The SPS engine is
gimballed by two electrically operated
servo-actuators to guide the spacecraft by thrusting through its center of gravity. Propellants are fed to the thrust cooled by abla-
chamber by helium pressure, and the engine is tion.
Maneuvers are performed by the reaction control system
to insure that the propellants are kept to the bottom of the SPS tanks to allow proper flow to the engine. Reaction Control System (RCS) There are reaction control systems aboard all three Apollo spacecraft modules. mission are: Service Module RCS - Four independent and identical sets of 100-pound thrusters, mounted in fours. All 16 are mounted The ones to be flown on thiB
outside the service module, with tankage (UDMH for fuel, nitrogen tetroxide for oxidizer, and helium for pressure) a.nd associated compoenets contained inside. -more-
-32The sets are fixed at 90-degree positions around the SM, and the thrusters in each set are mounted at 90-degree angles from each other. This provides thrust for roll, pitch, yaw,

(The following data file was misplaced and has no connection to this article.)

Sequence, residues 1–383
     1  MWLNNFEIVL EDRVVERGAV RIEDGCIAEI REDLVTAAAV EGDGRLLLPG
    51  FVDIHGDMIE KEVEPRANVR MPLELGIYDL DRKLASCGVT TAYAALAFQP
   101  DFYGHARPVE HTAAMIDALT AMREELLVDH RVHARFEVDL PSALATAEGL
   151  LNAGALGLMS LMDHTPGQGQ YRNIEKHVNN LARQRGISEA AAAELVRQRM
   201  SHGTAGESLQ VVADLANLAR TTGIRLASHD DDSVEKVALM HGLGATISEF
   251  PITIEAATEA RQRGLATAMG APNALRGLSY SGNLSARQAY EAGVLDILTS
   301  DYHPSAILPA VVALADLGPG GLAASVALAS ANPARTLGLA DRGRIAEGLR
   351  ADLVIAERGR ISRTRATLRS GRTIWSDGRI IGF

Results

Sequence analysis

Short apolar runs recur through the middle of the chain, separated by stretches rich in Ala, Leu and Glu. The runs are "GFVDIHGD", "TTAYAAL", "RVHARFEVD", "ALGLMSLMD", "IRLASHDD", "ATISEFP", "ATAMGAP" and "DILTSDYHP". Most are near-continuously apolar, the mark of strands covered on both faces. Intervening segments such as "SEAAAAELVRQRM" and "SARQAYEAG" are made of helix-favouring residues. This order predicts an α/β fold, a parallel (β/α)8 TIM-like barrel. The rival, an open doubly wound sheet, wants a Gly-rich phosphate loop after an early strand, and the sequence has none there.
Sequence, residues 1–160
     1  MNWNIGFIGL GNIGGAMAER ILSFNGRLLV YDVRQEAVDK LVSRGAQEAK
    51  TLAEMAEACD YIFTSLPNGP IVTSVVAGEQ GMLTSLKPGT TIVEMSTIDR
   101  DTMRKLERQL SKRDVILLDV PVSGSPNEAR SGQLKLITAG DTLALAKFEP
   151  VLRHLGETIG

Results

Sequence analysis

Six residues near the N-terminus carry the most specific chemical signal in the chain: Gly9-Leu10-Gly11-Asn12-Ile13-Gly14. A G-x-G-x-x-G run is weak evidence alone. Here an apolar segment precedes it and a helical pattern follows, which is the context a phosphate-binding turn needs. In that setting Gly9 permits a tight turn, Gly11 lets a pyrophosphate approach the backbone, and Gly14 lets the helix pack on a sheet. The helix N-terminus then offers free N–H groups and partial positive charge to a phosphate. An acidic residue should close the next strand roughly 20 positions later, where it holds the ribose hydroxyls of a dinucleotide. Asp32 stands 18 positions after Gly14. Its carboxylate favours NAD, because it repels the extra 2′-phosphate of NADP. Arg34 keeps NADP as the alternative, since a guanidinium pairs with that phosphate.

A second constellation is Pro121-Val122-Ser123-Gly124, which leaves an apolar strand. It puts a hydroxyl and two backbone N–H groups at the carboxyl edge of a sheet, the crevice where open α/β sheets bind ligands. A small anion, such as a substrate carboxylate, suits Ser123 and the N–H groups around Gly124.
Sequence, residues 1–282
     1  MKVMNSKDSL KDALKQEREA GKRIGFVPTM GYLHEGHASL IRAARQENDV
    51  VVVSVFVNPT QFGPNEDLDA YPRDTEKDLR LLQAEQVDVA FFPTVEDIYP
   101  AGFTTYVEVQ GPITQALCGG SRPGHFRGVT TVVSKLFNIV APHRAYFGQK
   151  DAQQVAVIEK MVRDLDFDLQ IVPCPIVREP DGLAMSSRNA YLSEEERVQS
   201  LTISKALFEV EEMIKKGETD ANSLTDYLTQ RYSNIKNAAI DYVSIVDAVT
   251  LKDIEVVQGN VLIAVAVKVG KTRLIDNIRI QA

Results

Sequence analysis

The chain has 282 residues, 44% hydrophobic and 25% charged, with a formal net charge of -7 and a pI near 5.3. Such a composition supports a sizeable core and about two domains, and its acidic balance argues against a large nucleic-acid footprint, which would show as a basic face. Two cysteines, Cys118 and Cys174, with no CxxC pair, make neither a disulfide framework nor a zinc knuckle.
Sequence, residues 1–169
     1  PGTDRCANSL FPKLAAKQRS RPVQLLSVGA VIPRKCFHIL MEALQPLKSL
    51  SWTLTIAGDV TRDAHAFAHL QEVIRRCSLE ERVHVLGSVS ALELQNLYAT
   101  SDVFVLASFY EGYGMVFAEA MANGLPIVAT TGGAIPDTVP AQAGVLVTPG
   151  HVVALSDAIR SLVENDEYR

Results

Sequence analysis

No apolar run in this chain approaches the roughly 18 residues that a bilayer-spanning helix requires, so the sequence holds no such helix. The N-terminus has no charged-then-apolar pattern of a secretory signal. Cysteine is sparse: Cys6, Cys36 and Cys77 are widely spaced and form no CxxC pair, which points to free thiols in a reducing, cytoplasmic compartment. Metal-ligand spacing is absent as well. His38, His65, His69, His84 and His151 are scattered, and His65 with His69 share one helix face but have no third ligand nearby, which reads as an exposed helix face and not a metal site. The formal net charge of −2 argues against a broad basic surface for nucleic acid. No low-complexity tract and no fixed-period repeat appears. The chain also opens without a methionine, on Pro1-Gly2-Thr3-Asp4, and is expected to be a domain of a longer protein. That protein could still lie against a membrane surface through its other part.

ullage, minor orbital and midcourse maneuvers and for docking with the LEM. Command Module RCS - This system is activated after command module-service module separation, and consists of two sets of thrusters Lor each axis (toll, pitch, yaw) for reentry. Monomethyl hydrazine (MMH) is used for f the oxidizer. 1, nitrogen tetroxide is
The thrusters, 12 in all, are mounted near the Each provides about 93 poands of thrust Both systems respond to signals
base of the module.
through ablative chambers.
from the stabilization and control system, or from the crew's manual controllers during the manned flights. Communications and Instrumentation Systems Communication equipment consists of a VrIF-.F transmitter,
VHF-AM transmitter-receiver, C-band transponder, VHF recovery beacon and HF recovery transceiver. A VHF multiplexer allows all VHF equipment to operate from a single antenna.
No S-band equipment, television or up-data link equipment is included for this flight. -more-
-33The VHF recovery beacon and HF transceiver operate for 24 hours after landing. operate for 48 hours. On manned spacecraft equipment will